Is ube and purple yam the same? What is ube good for? Is taro really purple? What does ube taste like? We’re sure these are some of the questions you might be asking yourself when you think of taro or ube. These roots are used for similar desserts and other dishes or drinks but there’s more to them! You’ll find the differences and similarities between taro and ube down below with this taro vs ube article. Continue reading!
Taro is a tube like root vegetable that is very popular amongst South Asian and African cultures around the world. Its nutrient rich and starchy make up allow for great use as a carbohydrate substitute or flavoring for foods and drinks. The most popular uses for the taro root are for milk teas or bubble teas, fried recipes and dessert recipes. The external appearance of taro root appears brown, asymmetrical and rough by the touch. When split or cut open, the taro root appears pale white (almost creamy) with purple specks or dots throughout the entire vegetable. Its scientific name is Colocasia esculenta for those that are curious.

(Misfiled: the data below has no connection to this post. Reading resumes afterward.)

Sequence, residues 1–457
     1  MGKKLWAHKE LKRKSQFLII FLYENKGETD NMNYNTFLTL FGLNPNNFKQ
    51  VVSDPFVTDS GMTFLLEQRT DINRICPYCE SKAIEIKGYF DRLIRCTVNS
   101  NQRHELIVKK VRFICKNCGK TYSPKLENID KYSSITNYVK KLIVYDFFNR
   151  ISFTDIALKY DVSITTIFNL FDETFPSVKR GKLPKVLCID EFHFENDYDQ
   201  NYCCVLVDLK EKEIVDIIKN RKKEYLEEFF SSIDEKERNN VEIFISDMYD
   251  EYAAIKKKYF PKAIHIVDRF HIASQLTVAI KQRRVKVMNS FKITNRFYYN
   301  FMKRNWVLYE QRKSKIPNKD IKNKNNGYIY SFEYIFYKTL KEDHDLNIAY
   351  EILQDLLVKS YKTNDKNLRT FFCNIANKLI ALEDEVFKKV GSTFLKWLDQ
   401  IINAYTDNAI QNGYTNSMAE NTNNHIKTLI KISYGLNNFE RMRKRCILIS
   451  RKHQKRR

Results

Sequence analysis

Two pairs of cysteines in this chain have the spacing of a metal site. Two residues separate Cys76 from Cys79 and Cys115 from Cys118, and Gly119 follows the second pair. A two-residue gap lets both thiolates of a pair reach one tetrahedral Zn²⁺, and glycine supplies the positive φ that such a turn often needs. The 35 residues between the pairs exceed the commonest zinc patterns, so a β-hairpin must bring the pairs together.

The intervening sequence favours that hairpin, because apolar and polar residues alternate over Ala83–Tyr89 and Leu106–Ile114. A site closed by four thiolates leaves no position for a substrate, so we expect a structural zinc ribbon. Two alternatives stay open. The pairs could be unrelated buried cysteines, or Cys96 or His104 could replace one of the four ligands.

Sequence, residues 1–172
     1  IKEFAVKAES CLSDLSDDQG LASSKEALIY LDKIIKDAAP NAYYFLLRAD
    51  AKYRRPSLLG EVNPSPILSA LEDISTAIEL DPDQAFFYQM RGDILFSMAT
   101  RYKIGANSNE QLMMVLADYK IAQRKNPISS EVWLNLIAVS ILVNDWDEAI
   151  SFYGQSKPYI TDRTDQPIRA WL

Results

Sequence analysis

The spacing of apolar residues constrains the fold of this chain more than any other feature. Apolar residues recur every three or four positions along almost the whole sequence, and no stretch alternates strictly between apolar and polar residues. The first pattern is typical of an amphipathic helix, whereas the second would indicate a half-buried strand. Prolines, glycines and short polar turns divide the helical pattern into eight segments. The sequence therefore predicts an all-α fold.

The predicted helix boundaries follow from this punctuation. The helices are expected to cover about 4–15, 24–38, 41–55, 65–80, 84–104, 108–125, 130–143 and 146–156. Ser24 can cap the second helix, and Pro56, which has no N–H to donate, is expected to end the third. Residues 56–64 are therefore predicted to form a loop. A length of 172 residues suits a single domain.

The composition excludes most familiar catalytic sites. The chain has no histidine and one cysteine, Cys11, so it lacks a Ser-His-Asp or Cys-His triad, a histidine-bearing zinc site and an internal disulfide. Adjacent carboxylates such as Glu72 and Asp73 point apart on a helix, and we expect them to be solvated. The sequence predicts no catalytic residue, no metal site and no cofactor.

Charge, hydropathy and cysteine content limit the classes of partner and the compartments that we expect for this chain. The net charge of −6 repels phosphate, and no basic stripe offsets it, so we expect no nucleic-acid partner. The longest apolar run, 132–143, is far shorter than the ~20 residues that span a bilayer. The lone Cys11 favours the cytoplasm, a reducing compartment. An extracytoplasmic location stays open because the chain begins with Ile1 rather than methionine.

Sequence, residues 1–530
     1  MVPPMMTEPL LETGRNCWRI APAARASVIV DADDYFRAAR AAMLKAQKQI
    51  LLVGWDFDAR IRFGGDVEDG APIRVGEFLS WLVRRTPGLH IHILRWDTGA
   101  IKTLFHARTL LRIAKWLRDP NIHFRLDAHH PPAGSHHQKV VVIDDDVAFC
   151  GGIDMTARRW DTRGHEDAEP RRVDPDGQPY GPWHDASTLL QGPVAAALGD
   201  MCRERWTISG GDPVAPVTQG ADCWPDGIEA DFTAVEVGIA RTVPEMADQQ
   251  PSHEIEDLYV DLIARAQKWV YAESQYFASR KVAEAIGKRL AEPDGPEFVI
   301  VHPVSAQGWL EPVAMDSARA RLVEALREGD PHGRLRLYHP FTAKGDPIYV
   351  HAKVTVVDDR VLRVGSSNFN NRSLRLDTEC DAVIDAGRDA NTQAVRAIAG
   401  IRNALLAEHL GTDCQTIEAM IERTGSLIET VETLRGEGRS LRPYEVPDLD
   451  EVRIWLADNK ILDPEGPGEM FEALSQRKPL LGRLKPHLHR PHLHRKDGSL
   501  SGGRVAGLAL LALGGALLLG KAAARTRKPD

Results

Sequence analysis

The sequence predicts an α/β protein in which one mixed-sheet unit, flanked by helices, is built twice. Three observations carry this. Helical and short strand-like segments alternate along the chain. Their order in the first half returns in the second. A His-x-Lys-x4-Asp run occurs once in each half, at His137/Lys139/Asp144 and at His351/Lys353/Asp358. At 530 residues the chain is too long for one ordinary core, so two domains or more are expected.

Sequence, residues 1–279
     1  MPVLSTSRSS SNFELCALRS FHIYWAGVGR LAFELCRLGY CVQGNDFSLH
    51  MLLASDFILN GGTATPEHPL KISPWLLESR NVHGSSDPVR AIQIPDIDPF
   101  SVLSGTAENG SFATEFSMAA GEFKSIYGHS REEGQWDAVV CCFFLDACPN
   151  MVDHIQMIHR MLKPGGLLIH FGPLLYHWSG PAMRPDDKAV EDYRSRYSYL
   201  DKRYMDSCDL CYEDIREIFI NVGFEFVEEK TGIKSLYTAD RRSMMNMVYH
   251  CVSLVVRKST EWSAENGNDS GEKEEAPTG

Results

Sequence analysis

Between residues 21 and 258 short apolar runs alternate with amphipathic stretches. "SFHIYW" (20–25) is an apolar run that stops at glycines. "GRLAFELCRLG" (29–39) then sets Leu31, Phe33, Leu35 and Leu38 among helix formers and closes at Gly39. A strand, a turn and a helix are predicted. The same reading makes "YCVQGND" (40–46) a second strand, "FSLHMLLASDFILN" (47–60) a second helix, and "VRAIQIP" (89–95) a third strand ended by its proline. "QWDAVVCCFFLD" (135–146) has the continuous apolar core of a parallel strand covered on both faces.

You can learn more about taro here with Everything You Need to Know About Taro.
You might mistake ube with taro, but that’s okay, you’re not the only one. Usually the biggest differences you can tell from taro and ube is that taro tends to have a pale white inside, with purple specks. Whereas ube has a deep purple color. Another way to differentiate the two from each other is that taro’s flesh has stronger textural integrity whereas ube does not. Ube is very soft and delicate. Don’t get too confused!
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